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The Truth About Intentional Living: 5 Free Changes You Can Adopt

By January 6, 2016June 24th, 2019No Comments
intentional living

Terri flopped down, exhausted after another day where she wasn’t exactly sure what she accomplished.

“How can I be this tired?” she moaned out loud.

Surveying the great room, she noted all that was undone.

  • Laundry still in baskets ready to be folded
  • Dirty dishes in the sink
  • Dishwasher door open, half unloaded
  • Toys scattered everywhere she could see
  • Bills opened on the counter
  • Newspapers scattered on the floor by the chair
  • Books she’d love to read

Exhaustion overwhelmed her. Bone. Tired.

“At least the kids are in bed and quiet.”

Still sitting, more like half reclining, on the couch Terri felt frustration build. Lately it seemed this was her “normal” routine. And she hated it.

The list of “undone” was growing rapidly, while the list of “done” was falling desperately behind.

“Why can’t I seem to get done what I set out to do each morning? I know what needs to be done, yet I get to after dinner and very few if any of those items are actually done. Most are started but not completed. Ugh! This is so frustrating!”

Have you ever felt this way at the end of your day?

It doesn’t really matter if you work full-time outside of the house or are a stay at home mom or function somewhere in between. There are days when you feel like you accomplish nothing. And that’s frustrating.

No matter how good your intentions are in the morning, it feels like your day gets derailed despite your best efforts.

Here are 5 changes you can make today:

  1. Evaluate your time wasters. What do I mean by that? One of my biggest ones is social media, i.e. Twitter, Facebook, Instagram, LinkedIn, you name your preferred option. I’ve noticed I can jump on to check on the status of someone or something and then realize 2 hours have passed! Yikes! My planning is now shot to you know where. Other time wasters could be extended phone calls, text messaging, email, or a myriad other things. Most of these things are beneficial, but not without limitations.
  2. Turn off the TV. Even if you have it on for background noise, it is a distraction from what you need to be doing. This was my number 1 when I was a young mom (and I still get trapped by it if I’m not careful). How many times during the day do you stop to take a quick look at something that caught your eye? Add up those minutes and you’ll be shocked at how those “few minutes” actually add up to several hours. What could you do with those hours instead? How much could you accomplish in that time if you just turn off the TV?
  3. If you don’t write it down it won’t get done. Okay, you may not agree with me on this one, but I’ve found it to be true in my life. When I create a list of items I need to accomplish within the day or the week, I’m more likely to actually do them. When I simply “have them in my mind” the items tend to slip through the holes in my mind and never get done. This creates more frustration along with wasted mental energy because I’m trying to remember everything I have to do. Ease your mind. Write the items down where you will see them and not forget about them. Use paper and pencil or digital means, but write them down.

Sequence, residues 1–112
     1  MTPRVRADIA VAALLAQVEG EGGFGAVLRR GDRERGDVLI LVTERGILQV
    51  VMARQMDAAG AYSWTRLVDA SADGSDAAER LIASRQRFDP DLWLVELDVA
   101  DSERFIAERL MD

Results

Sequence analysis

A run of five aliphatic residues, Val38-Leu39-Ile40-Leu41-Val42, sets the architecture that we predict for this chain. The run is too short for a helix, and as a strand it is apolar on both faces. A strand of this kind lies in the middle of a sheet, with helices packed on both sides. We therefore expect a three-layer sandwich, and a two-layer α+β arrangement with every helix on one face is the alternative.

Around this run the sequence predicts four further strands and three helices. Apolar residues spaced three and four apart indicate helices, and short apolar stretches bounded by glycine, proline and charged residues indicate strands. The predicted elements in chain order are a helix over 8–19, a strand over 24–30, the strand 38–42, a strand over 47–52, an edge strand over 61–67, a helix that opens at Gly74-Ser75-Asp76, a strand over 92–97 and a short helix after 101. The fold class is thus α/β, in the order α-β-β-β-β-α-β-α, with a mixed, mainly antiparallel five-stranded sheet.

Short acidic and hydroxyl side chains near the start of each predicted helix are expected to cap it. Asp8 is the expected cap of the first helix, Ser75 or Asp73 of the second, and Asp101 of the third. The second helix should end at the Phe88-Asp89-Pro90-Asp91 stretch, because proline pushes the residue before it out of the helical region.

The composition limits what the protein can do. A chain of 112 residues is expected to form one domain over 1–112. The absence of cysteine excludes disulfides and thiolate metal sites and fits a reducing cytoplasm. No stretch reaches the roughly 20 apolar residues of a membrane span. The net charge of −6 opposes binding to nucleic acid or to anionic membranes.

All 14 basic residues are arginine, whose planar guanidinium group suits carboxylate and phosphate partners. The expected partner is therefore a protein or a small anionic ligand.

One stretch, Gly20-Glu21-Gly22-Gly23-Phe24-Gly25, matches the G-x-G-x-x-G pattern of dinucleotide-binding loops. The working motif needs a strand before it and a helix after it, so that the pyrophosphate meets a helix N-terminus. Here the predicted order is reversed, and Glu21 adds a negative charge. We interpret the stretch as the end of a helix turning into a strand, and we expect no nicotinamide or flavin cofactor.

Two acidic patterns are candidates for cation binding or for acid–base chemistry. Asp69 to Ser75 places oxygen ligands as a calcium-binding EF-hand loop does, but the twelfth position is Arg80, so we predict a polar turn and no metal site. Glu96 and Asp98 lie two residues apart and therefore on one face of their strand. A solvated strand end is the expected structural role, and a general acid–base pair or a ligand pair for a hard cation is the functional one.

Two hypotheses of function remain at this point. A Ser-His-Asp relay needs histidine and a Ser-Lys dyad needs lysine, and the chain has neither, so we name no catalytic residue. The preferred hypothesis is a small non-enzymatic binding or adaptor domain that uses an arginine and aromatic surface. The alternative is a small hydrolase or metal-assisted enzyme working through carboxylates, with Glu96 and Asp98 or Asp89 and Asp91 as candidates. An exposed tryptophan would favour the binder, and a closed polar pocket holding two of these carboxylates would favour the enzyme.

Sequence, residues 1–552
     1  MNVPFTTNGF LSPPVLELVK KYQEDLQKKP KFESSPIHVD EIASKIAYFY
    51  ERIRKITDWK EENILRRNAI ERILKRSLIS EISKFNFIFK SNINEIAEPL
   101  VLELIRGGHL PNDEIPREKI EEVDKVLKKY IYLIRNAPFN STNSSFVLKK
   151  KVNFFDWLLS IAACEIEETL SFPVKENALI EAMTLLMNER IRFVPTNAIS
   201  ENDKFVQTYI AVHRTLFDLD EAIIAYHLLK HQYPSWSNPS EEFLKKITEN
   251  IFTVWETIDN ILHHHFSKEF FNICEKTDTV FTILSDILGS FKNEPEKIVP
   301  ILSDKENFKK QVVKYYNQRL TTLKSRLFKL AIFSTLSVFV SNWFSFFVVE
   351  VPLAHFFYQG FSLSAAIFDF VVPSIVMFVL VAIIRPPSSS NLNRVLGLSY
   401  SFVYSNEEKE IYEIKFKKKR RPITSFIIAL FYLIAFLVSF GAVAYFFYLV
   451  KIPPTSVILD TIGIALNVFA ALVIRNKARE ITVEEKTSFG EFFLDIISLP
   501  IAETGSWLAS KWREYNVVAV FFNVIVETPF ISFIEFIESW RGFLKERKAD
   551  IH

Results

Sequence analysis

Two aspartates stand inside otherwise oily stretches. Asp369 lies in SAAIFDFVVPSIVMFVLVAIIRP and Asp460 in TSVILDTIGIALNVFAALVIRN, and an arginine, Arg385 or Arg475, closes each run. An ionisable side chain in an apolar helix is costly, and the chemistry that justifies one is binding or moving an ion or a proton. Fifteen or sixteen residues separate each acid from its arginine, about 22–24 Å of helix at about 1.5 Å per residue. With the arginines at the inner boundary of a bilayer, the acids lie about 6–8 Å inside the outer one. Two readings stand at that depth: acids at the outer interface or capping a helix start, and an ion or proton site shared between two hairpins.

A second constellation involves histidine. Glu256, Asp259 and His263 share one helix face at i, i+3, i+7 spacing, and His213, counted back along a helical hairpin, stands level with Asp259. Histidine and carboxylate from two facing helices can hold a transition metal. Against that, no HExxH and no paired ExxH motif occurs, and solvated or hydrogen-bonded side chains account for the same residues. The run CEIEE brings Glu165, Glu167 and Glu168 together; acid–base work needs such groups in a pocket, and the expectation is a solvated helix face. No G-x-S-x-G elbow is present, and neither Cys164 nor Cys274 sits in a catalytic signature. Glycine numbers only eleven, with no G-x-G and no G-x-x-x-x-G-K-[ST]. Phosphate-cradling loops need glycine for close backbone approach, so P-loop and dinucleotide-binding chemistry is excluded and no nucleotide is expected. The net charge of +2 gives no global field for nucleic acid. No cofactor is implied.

4. There’s no such thing as multi-tasking. I used to pride myself in being a good multitasker. In fact, I even said that in several job interviews. However, researchers say what we call multitasking is really task-switching and it wastes productivity! One study even hints that your IQ drops every time you multitask, similar to skipping a night of sleep or smoking marijuana. Multitasking raises your stress level thus lowering your stamina. Talk about a joy stealer! You’re better off focusing on one task at a time, completing it and moving on to another. This allows you to get into a flow state where you are more productive in less time and make fewer mistakes.
  5. Plan your days or others will plan them for you. This is called intentional living. I’ve wasted an embarrassing number of years doing the exact opposite. I allowed the tyranny of the urgent to rule my days. Thus many tasks were left undone to the point that many permanently dropped off my radar. Oh sure, I was “busy” but at what? And why? The harsh reality is every person on this planet has the exact number of hours in each day. Time is finite. You can’t change it, but you can maximize it through living intentionally. Thus, I’m learning to plan my days so that when others have great ideas about what I should be doing that day, I know if their plan coincides with mine or not. Makes saying “no” when I should much easier and saying “yes” more joyful.

It’s been said that failing to plan is planning to fail. I don’t want that to be my epitaph.

Therefore, I’m changing my unhealthy patterns. I’ve decided it’s time to live intentionally. The past is gone but I’m learning from it. As my friend, Kary Oberbrunner says, “Up until now, I’ve [fill in the blank].” The future begins today.

What about you? Will you join me and choose to live intentionally? Leave a comment below. I’d love to hear what you do to create the life you want to live.

Capture the extraordinary in the ordinary today.

  • Kirsten D Samuel

    I empower Christian wives to discover they are seen, loved, and heard. These women find the freedom to be who they are beyond their partner’s struggles, and find hope that there is a life worth living.